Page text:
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Fewer Utahns struggle with English than residents nationally
This is an archived article that was published on sltrib.com in 2013, and information in the article may be outdated. It is provided only for personal research purposes and may not be reprinted.

Far fewer Utahns than the national average struggle with English, according to U.S. Census Bureau estimates released Tuesday. The findings may challenge stereotypes sometimes used in heated immigration debates about how hard new arrivals work to learn English.

Only 14.9 percent of Utahns speak a language other than English at home, well below the national average of 20.9 percent. And nearly two-thirds of them — 64.4 percent — report that they also speak English "very well," better than the 58.2 percent average nationally.

Among those Utahns who speak another language at home, just 4.1 percent of them speak no English at all, well below the national average of 7 percent. And 14.2 percent of them speak English "not well," again better than the 15.4 percent national average.

"It shows that here in Utah, most people understand they have to learn English. It is the only way to succeed," said Tony Yapias, director of Proyecto Latino. "In places like Miami where there is a higher concentration of Latinos, they might be able to get by with learning just the basics because so many people speak Spanish. You can't here."

The Census numbers "are good for everyone," said Yapias, adding it shows the effort made among newer immigrants to learn English. "There has been a great emphasis on that in the Latino community in recent years." He pointed to classes for parents by school districts and churches.

"Everybody knows the key to making it is English language acquisition," said University of Utah research economist Pam Perlich.

She cautions, though, that more people may struggle with English than the estimates indicate because it is difficult for people with language problems to participate in such surveys. She also notes that some areas within Utah — such as Salt Lake City and West Valley City — have much higher local concentrations of people learning English than statewide averages show.

The new estimates say about 9.6 percent of Utahns — an estimated 241,535 people — speak Spanish at home, the most popular language in the state besides English.

All other languages spoken in homes are used by one-half percent or less of the population.

The next most popular languages in order are: Pacific island languages such as Samoan and Tongan, spoken by 12,876 people; Chinese, spoken by 10,549; German, 9,563; Navajo, 9,151; Portugese, 6,979; Vietnamese, 6,962; French, 6,083; Korean, 4,865; Serbo-Croatian, 4,072; Russian, 3,939; African languages, 3,837; and Italian, 3,300. The Census Bureau also released Tuesday an online map showing the spread of use of different languages.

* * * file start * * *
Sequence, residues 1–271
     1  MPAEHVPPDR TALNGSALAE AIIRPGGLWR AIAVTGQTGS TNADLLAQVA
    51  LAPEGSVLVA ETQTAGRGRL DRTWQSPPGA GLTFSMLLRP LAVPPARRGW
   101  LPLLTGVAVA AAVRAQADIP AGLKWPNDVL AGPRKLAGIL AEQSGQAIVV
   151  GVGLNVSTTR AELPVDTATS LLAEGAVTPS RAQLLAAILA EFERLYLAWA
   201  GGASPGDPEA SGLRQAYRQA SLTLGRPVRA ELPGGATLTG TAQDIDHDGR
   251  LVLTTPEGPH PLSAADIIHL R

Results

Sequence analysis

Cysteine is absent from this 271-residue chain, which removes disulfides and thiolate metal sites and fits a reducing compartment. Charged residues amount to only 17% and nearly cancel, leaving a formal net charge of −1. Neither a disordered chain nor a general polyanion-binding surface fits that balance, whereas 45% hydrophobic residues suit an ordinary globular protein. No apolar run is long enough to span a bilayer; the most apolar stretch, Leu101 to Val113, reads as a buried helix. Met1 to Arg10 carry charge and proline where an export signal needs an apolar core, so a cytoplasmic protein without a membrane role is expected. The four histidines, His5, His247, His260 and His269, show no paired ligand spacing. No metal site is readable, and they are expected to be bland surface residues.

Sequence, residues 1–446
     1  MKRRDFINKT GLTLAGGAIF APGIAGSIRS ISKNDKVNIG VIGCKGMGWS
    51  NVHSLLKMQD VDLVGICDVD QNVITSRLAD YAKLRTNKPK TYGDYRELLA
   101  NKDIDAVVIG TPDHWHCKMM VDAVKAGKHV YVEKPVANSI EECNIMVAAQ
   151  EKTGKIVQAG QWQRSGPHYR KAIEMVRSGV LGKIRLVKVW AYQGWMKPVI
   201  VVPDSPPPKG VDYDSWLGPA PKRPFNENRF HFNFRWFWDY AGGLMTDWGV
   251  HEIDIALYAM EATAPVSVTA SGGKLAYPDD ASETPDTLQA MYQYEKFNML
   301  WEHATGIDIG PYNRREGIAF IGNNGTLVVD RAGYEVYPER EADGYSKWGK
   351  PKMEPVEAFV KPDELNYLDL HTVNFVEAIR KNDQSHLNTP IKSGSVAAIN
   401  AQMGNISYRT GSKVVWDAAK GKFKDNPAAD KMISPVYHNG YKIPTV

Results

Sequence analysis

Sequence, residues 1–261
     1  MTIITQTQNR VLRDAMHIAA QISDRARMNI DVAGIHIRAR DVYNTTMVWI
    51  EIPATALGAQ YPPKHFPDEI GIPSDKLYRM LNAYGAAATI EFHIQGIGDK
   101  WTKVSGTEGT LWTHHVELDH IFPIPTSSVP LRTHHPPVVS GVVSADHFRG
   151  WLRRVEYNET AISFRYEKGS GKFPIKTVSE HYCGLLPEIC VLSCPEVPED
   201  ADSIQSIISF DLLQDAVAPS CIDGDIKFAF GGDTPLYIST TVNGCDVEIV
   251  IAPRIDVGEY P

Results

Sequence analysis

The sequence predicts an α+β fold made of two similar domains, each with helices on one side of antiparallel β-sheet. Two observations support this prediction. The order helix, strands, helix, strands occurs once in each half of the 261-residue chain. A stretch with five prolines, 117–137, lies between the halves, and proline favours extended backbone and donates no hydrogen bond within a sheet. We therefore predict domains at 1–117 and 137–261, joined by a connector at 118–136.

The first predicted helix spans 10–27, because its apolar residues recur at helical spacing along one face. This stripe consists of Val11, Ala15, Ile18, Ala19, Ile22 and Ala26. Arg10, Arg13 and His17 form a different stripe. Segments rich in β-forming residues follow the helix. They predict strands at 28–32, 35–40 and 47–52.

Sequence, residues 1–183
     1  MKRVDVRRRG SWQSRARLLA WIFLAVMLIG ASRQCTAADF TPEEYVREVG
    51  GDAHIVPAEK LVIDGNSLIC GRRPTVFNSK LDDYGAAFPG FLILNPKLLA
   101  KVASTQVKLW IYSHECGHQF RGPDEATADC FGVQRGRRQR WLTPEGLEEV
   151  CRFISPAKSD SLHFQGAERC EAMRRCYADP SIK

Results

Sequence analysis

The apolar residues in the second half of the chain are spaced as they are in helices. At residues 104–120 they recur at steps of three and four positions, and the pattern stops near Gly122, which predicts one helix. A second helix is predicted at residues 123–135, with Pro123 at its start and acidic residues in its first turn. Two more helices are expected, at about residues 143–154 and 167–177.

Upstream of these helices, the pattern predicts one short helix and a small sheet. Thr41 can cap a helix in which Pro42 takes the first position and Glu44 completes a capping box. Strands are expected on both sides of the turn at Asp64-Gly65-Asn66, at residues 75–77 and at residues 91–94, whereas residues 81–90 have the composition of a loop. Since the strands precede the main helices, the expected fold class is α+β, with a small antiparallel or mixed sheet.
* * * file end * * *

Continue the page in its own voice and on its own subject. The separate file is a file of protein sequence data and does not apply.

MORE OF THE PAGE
Perlich said many more Utahns than those numbers show likely speak languages other than English, but the survey is worded to measure only how many people use such languages with others in their homes.

"So they are not really getting at how multilingual is the population of Utah. Because of [LDS] missions and the Missionary Training Center, we've got more linguistic diversity than shows up," she said.

While the Census estimates do not count exactly how many different languages are spoken in Utah, an annual survey by the Utah State Office of Education found that Utah schoolchildren report speaking 134 different languages at home, said Jeffrey Ojeda, English learner specialist for the state board.

He said that creates challenges, "and changes how many classrooms function."

What is called "sheltered instruction" is used more to integrate language and content learning, Ojeda said, relying on such things as visual cues and demonstrations that use all the senses, simple language and increased interaction with students.

He said studies show these techniques tend to improve education for all students.

Perlich sees a benefit for Utah from all of the language and cultural diversity.

"That's a great resource for us as we try to compete globally," she said. "For a metropolitan area as small as Salt Lake City, we have an amazing breadth and depth of linguistic diversity comparable to much larger cities." —

Top languages Utahns speak at home besides English

• Spanish, 241,535 people, 9.62% of Utahns.

• Pacific Island languages (such as Tongan and Samoan), 12,876, 0.51%

• Chinese, 10,549, 0.42%

• German, 9,563, 0.38%

• Navajo, 9,151, 0.36%

• Portugese, 6,979, 0.28%

• Vietnamese, 6,962, 0.28%

• French, 6,082, 0.24%

* Korean, 4,865, 0.19%

• Serbo-Croatian, 4,072, 0.16%

Source: 2011 American Community Survey, 3-year data.

Census • New data may challenge the stereotype of new immigrants not willing to learn the language.
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